Now I realize that this is a very complicated issue, with many layers and levels. I know that there is much that I do not know sitting in my distant place here in Holland, Michigan. But I also believe, we can do so much better than this. I and thousands of other Christian leaders and bodies around our country spanning a wide breadth of denominations and non-denominational organizations signed on to letters to Congress in support of refugee resettlement. Bethany Christian (which for the record is not exactly a bastion of extreme liberal politics) issued a similar statement too.
We believe that rather than enhanced separation at this time, we need to faithfully surrender our distance. We need to be sanctuary in the sense of “safe place,” because of our faith. We need to offer home-away-from-home for those who have been unsettled for long enough. These people have names. And we can offer them what they seek.
I would add that a Grace member and I are directly in touch with our congressman’s office and with their immigration specialist. They’ve been responsive, indicated a willingness to listen and to help if they can, at least with this family. And so, we’ll see.
“Blessed are the poor,” Jesus said. “Blessed are those who mourn and the meek too for theirs is the kingdom of God. They will be comforted and they will inherit the earth. Blessed are the hungry, the merciful, the pure in heart and the peacemakers,” Jesus said. “For they will be fed, and receive mercy; they will see God and they will be called not by number but by the name given us all – ‘children of God’. Blessed are those who are persecuted and those who are reviled for they are like the prophets who came before. Their reward will be great.”
In the midst of very disorienting times, (no more or less disorienting by the way than the time of Micah or the time of Jesus…) in the midst of our disorienting time, Jesus orients us in the direction of the hurting of this world. So a good basic principle to guide us is that we can’t go wrong if were looking in that direction. We can’t go wrong if that’s where we’re looking, where we’re listening, where we’re working. We can’t go wrong if that’s where we are settling ourselves. If we orient toward the hurting, ourselves included – along with those who are “them” to us – there are blessings to be had.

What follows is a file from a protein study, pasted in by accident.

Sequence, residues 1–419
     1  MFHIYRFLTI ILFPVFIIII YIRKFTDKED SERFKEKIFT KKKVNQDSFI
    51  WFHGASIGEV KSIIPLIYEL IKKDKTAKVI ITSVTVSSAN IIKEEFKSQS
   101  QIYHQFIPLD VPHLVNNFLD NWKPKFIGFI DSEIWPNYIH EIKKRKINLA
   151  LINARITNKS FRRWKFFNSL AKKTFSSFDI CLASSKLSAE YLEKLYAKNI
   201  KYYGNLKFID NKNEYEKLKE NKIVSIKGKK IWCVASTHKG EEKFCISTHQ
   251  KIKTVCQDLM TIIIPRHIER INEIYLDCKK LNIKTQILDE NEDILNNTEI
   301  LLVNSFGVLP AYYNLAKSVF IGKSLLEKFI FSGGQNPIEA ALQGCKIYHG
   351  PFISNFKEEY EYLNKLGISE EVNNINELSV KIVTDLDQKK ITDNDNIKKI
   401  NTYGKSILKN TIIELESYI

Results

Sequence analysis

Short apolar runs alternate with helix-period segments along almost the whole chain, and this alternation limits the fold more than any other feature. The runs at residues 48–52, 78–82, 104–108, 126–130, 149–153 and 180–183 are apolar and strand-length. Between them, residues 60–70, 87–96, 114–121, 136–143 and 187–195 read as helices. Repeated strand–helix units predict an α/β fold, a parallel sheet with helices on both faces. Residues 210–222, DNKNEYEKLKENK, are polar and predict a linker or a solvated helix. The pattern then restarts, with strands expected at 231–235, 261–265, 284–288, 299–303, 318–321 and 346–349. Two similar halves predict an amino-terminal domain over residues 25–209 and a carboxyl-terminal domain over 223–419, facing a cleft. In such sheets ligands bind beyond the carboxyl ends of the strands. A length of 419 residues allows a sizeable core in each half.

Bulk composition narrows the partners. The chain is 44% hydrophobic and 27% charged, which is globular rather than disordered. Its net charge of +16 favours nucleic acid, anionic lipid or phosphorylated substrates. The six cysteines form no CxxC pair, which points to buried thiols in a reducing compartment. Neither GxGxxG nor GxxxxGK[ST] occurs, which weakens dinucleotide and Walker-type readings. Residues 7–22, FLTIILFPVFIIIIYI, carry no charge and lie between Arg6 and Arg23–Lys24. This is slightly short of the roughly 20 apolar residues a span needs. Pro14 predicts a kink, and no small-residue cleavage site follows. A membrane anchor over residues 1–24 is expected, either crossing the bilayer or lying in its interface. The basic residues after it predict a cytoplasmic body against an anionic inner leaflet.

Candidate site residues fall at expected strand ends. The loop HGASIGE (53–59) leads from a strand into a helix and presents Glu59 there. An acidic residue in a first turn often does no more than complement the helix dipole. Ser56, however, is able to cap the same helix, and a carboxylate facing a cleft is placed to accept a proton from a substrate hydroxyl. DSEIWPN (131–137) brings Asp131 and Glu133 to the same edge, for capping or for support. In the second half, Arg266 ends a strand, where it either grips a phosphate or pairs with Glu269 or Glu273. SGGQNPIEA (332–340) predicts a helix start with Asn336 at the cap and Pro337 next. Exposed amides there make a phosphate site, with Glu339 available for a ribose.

Now our local community is not lacking with regard to need. It’s true. But as a very talented and resourced Body of Christ, we can multitask. I’m sure of it. I’ve seen it happen. We have the ability to respond to ourselves, those next to us in the pew, to those in our local community AND to those who are camping out differently than we, but every bit as human as we in the camp in Kenya. Contrary to what is becoming far too popular thought, there is enough mercy to go around. And when it’s lacking we can muster even more.
Distance in this instance will not heal. It will not heal them nor will it heal us. Mercy and kindness and justice will. And it is our responsibility as people of faith, with other people of faith to stand up and say so.
There are blessings to be had, blessings to be shared and according to Jesus those blessings abound! They abound in surprising ways and among those whom the world would tell us are the least likely to bear them.
And so I invite you to learn names of some “others” these days. Together we will continue to pray for and to work for the Garang family. Do take time in the woods and don’t forget the beauty of the Lake that is our neighbor too. Through it all may we find the strength to surrender some of the distance that comes with the lives we lead. May we hold our doors open, our hearts and our minds too. May we gather utensils, make beds, pull of a chair and set tables for those who seek home as we seek to do justice, love kindness and walk humbly with our God.